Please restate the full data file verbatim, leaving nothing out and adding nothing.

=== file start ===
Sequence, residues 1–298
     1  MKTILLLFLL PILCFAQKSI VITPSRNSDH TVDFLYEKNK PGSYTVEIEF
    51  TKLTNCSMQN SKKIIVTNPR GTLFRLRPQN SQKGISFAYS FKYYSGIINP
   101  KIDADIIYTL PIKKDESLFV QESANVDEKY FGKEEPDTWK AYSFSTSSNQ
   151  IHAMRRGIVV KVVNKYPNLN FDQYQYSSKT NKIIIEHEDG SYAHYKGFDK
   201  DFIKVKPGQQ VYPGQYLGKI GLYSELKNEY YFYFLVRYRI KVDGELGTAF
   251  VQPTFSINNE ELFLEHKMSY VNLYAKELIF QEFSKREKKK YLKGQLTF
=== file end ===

Sequence, residues 1–298
     1  MKTILLLFLL PILCFAQKSI VITPSRNSDH TVDFLYEKNK PGSYTVEIEF
    51  TKLTNCSMQN SKKIIVTNPR GTLFRLRPQN SQKGISFAYS FKYYSGIINP
   101  KIDADIIYTL PIKKDESLFV QESANVDEKY FGKEEPDTWK AYSFSTSSNQ
   151  IHAMRRGIVV KVVNKYPNLN FDQYQYSSKT NKIIIEHEDG SYAHYKGFDK
   201  DFIKVKPGQQ VYPGQYLGKI GLYSELKNEY YFYFLVRYRI KVDGELGTAF
   251  VQPTFSINNE ELFLEHKMSY VNLYAKELIF QEFSKREKKK YLKGQLTF